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The White Marble Sculptures of Ancient Greece

December 21, 2016 by Jack Dziamba. New Post Goes Up Every Wednesday

The Colors of Ancient Greece

Tracing the Colors of Ancient Sculpture- Science and Art – Getty Museum

Using ultraviolet and raking light, archaeologist Vinzenz Brinkmann examines marble sculptures of Athena and Paris from the Temple of Aphaia, now in the Glyptothek in Munich. In the process, he reveals examples of physical evidence used to inform the recreations of the original color design and paint.

White marble sculptures of antiquity | Harvard Magazine

‘“I knew, of course, that Greek and Roman sculpture was once painted,”’says Susanne Ebbinghaus, Hanfmann curator of ancient art at the Harvard University Art Museums, “but there is a big difference between this abstract notion and actually attempting to imagine what the sculptures might have looked like.”’ Gods in Color: Painted Sculpture of Classical Antiquity the Arthur M. Sackler Museum.

‘“We now assume that almost all Greek marble sculpture was painted,” she says. “These reconstructions can only be approximations,” but at least they dispel a popular misconception—that most statues of antiquity were plain old white. Plain would not be thought ideal until the Renaissance.’

“Organized by Munich’s Stiftung Archäologie and the Staatliche Antikensammlungen und Glyptothek, the exhibition drew crowds at home in 2004 and then began traveling. Athenians in long lines were fascinated and shocked. In Hamburg, says Ebbinghaus, some museum-goers proclaimed that Classical art was now dead for them.”

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Above: Athena, from the same temple and of the same date. Reconstruction has been restricted to areas whose original appearance may be determined with some certainty.

Above: Athena, from the Temple of Alphia, Agenia, Greek, c. 490-480 B.C. Reconstruction has been restricted to areas whose original appearance may be determined with some certainty. (Harvard Magazine)

 

 

 Above: Trojan archer from the Temple of Aphaia on Aegina, Greek, c. 490-480 B.C. He is probably Paris, who killed Achilles with an arrow to that famous heel. He wears the costume of the Scythians of central Asia.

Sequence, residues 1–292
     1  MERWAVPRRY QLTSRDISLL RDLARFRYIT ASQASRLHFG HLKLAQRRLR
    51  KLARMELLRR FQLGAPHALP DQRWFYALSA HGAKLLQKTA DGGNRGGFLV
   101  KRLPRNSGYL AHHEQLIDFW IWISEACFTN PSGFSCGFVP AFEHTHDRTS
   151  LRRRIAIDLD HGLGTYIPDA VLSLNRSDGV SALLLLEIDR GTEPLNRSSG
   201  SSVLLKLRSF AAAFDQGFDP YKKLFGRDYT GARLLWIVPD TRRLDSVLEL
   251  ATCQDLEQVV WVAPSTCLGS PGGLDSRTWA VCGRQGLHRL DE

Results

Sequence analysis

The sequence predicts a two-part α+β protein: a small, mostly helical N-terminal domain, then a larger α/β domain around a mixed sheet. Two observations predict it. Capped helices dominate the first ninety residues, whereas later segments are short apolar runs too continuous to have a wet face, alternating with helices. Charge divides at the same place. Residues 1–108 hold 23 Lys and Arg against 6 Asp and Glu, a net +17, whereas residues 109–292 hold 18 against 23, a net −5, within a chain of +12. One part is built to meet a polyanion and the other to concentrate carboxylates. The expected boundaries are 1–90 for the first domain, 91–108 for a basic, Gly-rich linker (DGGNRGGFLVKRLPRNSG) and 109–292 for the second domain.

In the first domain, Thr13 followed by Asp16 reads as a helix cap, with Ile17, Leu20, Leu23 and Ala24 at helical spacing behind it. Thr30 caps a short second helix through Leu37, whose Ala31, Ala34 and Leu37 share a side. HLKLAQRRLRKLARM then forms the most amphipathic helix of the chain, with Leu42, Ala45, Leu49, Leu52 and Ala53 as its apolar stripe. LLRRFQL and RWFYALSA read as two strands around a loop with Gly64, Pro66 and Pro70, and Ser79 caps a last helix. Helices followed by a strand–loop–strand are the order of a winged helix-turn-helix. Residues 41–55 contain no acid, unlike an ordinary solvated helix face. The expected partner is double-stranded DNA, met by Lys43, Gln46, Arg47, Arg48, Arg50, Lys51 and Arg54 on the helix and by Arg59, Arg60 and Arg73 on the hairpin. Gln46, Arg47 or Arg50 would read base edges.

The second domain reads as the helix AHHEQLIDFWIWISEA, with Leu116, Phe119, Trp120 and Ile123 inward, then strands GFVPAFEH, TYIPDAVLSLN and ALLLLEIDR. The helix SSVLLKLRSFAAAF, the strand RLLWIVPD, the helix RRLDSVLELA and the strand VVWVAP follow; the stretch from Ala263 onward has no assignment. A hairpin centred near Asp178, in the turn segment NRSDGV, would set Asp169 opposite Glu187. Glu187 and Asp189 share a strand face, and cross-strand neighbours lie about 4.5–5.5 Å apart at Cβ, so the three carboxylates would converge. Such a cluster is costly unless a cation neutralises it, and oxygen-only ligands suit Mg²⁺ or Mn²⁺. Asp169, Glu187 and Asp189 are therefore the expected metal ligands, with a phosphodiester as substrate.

Above: Trojan archer from the Temple of Aphaia on Aegina, Greek, c. 490-480 B.C. He is probably Paris, who killed Achilles with an arrow to that famous heel. He wears the costume of the Scythians of central Asia. (Harvard Magazine)

Above: The “Peplos” kore, Greek, c. 530 B.C., Acropolis Museum, Athens. The version at right was done first and drew criticism from those who say that the ancients painted only ornaments and details, never a whole sculpture. The second version is limited to colors that can be determined surely. “If there is color preserved on the hair of statues of Greek women and some men,” notes curator Susanne Ebbinghaus, “it is red. The red must have served as a base color, and so the yellow kore has been given brown hair.”

Above: The “Peplos” kore, Greek, c. 530 B.C., Acropolis Museum, Athens. The version at right was done first and drew criticism from those who say that the ancients painted only ornaments and details, never a whole sculpture. The second version is limited to colors that can be determined surely. “If there is color preserved on the hair of statues of Greek women and some men,” notes curator Susanne Ebbinghaus, “it is red. The red must have served as a base color, and so the yellow kore has been given brown hair.”  (Harvard Magazine)

 

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